This low-key monument is located outback of the apartment building I live in (it’s low to the ground. Wink, wink, see what I did there). I walk by it occasionally on my way to the local library. It’s located on Union Street in Potsdam. If you’re in the area, you should check it out!
As you can see this monument, was laid in 1916 celebrating SUNY Potsdam/ the Potsdam Normal School’s 100th birthday. Last week, SUNY Potsdam celebrated its 200th birthday, which is really awesome.
What’s interesting is that this monument has been placed in the location of the original St. Lawrence Academy. The Academy is the precursor of SUNY Potsdam. So what happened to the original building?
It’s history-research adventure time!
Today’s adventure has been brought to you by NYS Historic Newspapers. But seriously, this website is amazing and a wonderful resource for people interested in researching Northern New York. A link can be found in the “Resources” page.
Using newspapers, I discovered that the original St. Lawrence Academy was built-in 1810 by Benjamin Raymond, one of the first settlers of Potsdam. The building was used as a meeting place for the locals. From 1816 to about 1825, the building was used for the St. Lawrence Academy. It had grown too small for the growing number of students the Academy was attracting.
The building was described as a one-room wooden building, 24×36 feet and it had a vestibule, a cupola, and a belfry. The close-up of the plaque shows the original Academy building.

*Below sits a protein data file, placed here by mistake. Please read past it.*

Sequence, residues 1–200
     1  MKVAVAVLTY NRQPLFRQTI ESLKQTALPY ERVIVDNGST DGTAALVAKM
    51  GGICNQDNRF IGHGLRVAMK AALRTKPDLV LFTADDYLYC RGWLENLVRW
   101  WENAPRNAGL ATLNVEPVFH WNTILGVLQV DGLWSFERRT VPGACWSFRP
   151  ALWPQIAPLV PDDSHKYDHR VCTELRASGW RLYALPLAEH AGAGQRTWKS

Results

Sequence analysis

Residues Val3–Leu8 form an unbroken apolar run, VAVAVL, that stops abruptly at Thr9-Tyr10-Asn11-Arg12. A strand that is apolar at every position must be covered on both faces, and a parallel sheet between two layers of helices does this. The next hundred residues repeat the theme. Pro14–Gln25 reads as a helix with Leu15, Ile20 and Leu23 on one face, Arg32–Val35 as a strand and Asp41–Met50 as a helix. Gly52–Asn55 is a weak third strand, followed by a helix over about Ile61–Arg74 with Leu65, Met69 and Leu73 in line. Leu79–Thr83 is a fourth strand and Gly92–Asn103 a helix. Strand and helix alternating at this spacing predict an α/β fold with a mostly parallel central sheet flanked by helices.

After 1825, the building was no longer in use. So it was bought by Anthony Elderkin, another early settler of Potsdam. Mr. Elderkin moved the building to Main Street (65 Main Street to be specific). It was called the “Red House Lot” after it was moved.
On that note, can you imagine moving a building in the 1820’s. It doesn’t sound easy or fun!
The building was remodeled into a residence for Mr. Elderkin. It passed on to his son and then the building had a series of owners, the last being Joseph Ross. In 1949, the building was demolished, along with two others, to make way on Main Street for new science buildings for Clarkson College.
The old St. Lawrence Academy building had a very interesting history, especially with it being moved and being used for such a long time. Sadly though it was demolished, which isn’t uncommon when it comes to researching old buildings. On an uplifting ending because of the St. Lawrence Academy we have SUNY Potsdam, which is one of the oldest colleges in the SUNY system, if not the oldest.
“Bronze Plaque Marks Site First School House, Church,” Courier Freeman, Sept. 4, 1958, pg. 1.
“Stone of Old School,” Commercial Advertiser, March 28, 1916, pg. 1.